United States District Court, N.D. Alabama, Northwestern Division
Scott Coogler United States District Judge.
an action for a writ of habeas corpus action filed by
petitioner Sonny Lee Lawson, pro se, on or about
November 12, 2015. (Doc. 1). Lawson challenges his 2010
conviction and sentence for Theft of Property, First Degree,
in Lauderdale County Circuit Court. (Id., at 1). On
March 29, 2018, the magistrate judge to whom the case was
referred entered a report and recommendation pursuant to 28
U.S.C. § 636(b), recommending that habeas relief be
denied. (Doc. 15). Because the record was unclear as to
whether the report and recommendation was sent to the
petitioner at his current address, on April 24, 2018, an
additional copy of the report and recommendation was mailed
to the petitioner at Bibb County Correctional Facility. (Doc.
16). Lawson has filed timely objections to the report and
recommendation. (Doc. 17).
convicted the petitioner of Theft of Property, First Degree,
for stealing a van. (See doc. 15 at 2). Although the
petitioner raised multiple grounds in his petition, his
objections focus on whether his trial counsel was
constitutionally deficient for failing to object to the lack
of an instruction on the term “deprive” in the
trial court's jury charge. (Doc. 17).
petitioner first asserts that under Jackson v.
Virgina, 443 U.S. 307 (1979), the elements of a crime
must be given to the jury. However, Jackson
concerned conviction of a juvenile based on a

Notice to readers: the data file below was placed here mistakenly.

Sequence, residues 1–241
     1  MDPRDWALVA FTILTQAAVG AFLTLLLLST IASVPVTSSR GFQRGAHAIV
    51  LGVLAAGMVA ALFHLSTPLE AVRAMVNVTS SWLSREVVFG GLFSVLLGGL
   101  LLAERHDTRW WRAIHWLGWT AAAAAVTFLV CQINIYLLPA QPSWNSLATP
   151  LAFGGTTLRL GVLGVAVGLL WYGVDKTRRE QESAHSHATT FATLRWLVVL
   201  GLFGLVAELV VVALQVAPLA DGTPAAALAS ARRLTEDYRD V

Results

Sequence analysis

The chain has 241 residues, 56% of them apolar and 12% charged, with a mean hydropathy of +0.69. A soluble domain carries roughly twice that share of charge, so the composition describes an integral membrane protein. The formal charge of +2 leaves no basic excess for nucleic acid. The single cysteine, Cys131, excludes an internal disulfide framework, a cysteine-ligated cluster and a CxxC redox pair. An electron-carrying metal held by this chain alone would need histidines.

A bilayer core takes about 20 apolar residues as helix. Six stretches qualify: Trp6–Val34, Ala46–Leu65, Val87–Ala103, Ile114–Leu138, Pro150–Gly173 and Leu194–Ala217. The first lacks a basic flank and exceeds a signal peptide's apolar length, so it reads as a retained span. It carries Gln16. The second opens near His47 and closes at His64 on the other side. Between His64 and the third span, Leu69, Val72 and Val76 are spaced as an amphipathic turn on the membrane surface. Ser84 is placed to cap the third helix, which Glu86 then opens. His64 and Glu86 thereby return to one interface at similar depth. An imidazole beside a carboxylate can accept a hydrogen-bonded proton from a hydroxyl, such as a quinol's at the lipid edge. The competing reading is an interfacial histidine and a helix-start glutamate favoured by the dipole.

“preponderance of the evidence” standard.
Id., at 314-15. That case stands for the proposition
that when a challenge to the sufficiency of the evidence is
made, “the relevant question is whether, after viewing
the evidence in the light most favorable to the prosecution,
any rational trier of fact could have found the
essential elements of the crime beyond a reasonable
doubt.” Id., at 319. The Court cautioned that
in reviewing a sufficiency of the evidence challenege, the
critical inquiry “must be not simply to determine
whether the jury was properly instructed, but to determine
whether the record evidence could reasonably support a
finding of guilt beyond a reasonable doubt.”
Id., at 318.
instruction which omits an element of the offense does not
automatically render a criminal trial fundamentally unfair.
Neder v. United States, 527 U.S. 1, 9 (1999).
Rather, such an omission is subject to the harmless error
analysis. Parker v. Sec'y, Dept. of Corr., 331
F.3d 764, 776-77 (11th Cir. 2003). The Parker Court
“The question in ... a collateral proceeding is whether
the ailing instruction by itself so infected the entire trial
that the resulting conviction violates due process.”
Henderson v. Kibbe, 431 U.S. 145, 154 (1977)
(quotation omitted). The challenged instruction must not be
viewed in isolation; the habeas court should consider the
context of the instructions as a whole as well as the entire
trial record. Estelle v. McGuire, 502 U.S. 62, 72
(1991); Agan v. Vaughn, 119 F.3d 1538, 1545 (11th
Cir. 1997) (“A defendant's right to due process is
not violated unless an erroneous instruction, when viewed in
light of the entire trial, was so misleading as to make the
trial unfair.”). Moreover, “[a]n omission, or an
incomplete instruction, is less likely to be prejudicial than
a misstatement of the law.” Kibbe, 431 U.S. at
155. In such cases, the habeas petitioner's burden is
“especially heavy.” Id.; Devier v.
Zant, 3 F.3d 1445, 1465 (11th Cir. 1993). This is
especially true where the habeas petitioner failed to object
to the incomplete instruction at trial. Kibbe, 431
U.S. at 154 (“It is the rare case in which an improper
instruction will justify reversal of a criminal conviction
when no objection has been made in the trial court.”).
Parker, 331 F.3d at 779.